Community Health Centers Struggle with Shortage of Family Physicians

FOR IMMEDIATE RELEASE: Wednesday, August 1

Leslie Champlin
Senior Public Relations Strategist
(800) 274-2237, Ext. 5224 


WASHINGTON, DC — Community health centers across the country remain in dire need of family physicians to ensure patients in underserved areas have access to health care, according to a report in the August issue of American Family Physician.

The report, a one-pager titled “High Demand, Low Supply: Health Centers & the Recruitment of Family Physicians,” was based on data from 2016 survey of community health centers. The survey showed that seven in 10 community health centers reported vacancies for family physicians and that family physicians comprise nearly half of all community health center physicians.

“In addition, 51 percent of health centers indicate that filling a family physician vacancy is their highest priority,” write report authors Caitlin Crowley, MPH, a Robert Graham Center research partner and former research analyst at the National Association of Community Health Centers; Michelle Proser, PhD, MPP, director of research at the NACHC; and Andrew Bazemore, MD, MPH, director of the Robert Graham Center. “Two-thirds of centers rate family physician vacancies as ‘very difficult’ to fill and, those with FP vacancies report spending an average of 11.4 months recruiting for FPs, one of the longest periods of time reported for any clinical vacancy.”

Such shortages can deprive people in underserved areas of access to medical services, according to Robert Graham Center data. More than 62 million Americans have inadequate or no access to primary care as a result of physician shortages. Community health centers meet the need for care in geographically and economically underserved areas, according to NACHC Community Health Center Chart Book( Nationally, they provide care to one in 10 children, one in six rural Americans, one in three people living below poverty and two in 10 uninsured patients.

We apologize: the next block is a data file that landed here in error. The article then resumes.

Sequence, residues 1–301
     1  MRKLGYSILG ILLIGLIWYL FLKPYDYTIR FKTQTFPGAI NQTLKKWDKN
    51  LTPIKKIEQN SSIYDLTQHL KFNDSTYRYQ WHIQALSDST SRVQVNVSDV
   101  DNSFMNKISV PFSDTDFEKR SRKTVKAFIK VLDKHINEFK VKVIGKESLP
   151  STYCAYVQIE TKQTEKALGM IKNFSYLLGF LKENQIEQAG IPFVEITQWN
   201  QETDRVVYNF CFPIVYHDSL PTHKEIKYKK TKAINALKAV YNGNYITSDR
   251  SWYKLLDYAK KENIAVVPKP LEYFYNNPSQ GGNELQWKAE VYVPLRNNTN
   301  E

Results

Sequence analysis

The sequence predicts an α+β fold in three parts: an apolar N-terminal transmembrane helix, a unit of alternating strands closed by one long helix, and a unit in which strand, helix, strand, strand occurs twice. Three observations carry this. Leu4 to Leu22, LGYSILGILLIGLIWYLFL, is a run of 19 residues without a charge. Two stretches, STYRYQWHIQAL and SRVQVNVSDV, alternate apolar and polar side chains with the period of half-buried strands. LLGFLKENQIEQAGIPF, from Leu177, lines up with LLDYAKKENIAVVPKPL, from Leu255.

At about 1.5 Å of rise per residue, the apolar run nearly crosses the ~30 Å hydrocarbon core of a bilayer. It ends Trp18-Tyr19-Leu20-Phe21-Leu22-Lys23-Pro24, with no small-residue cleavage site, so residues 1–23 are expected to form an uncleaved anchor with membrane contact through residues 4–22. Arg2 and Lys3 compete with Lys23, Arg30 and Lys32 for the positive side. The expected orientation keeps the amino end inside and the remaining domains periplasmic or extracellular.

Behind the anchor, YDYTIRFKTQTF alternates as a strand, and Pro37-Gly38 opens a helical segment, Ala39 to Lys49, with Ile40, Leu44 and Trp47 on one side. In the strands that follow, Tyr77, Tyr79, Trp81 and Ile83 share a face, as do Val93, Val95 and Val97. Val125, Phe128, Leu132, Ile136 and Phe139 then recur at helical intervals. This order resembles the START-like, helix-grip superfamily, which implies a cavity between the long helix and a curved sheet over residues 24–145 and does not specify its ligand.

Crowley and her coauthors call for policymakers and planners to focus on programs that create community-based training for physicians “in order to ensure an adequate supply of family physicians will be available to staff health centers and the vulnerable populations they service.”

Among those programs are teaching health centers. Developed under the Affordable Care Act, teaching health center residency programs are highly successful in recruiting new physicians into primary care and into practicing in underserved areas, according to research at the George Washington University Milken Institute School of Public Health. Their data show that nine in 10 teaching health center graduates remain in primary care practice and three out of four choose to practice in underserved communities. Four out of 10 teaching health center graduates practice in community health centers.


About the Robert Graham Center

The Robert Graham Center for Policy Studies in Family Medicine and Primary Care works to improve individual and population health by enhancing the delivery of primary care. The Center staff generates and analyzes evidence that brings a family medicine and primary care perspective to health policy deliberations at local, state, and national levels.

Founded in 1999, the Robert Graham Center is an independent research unit affiliated with the American Academy of Family Physicians (AAFP). The information and opinions contained in research from the Center do not necessarily reflect the views or policy of the AAFP.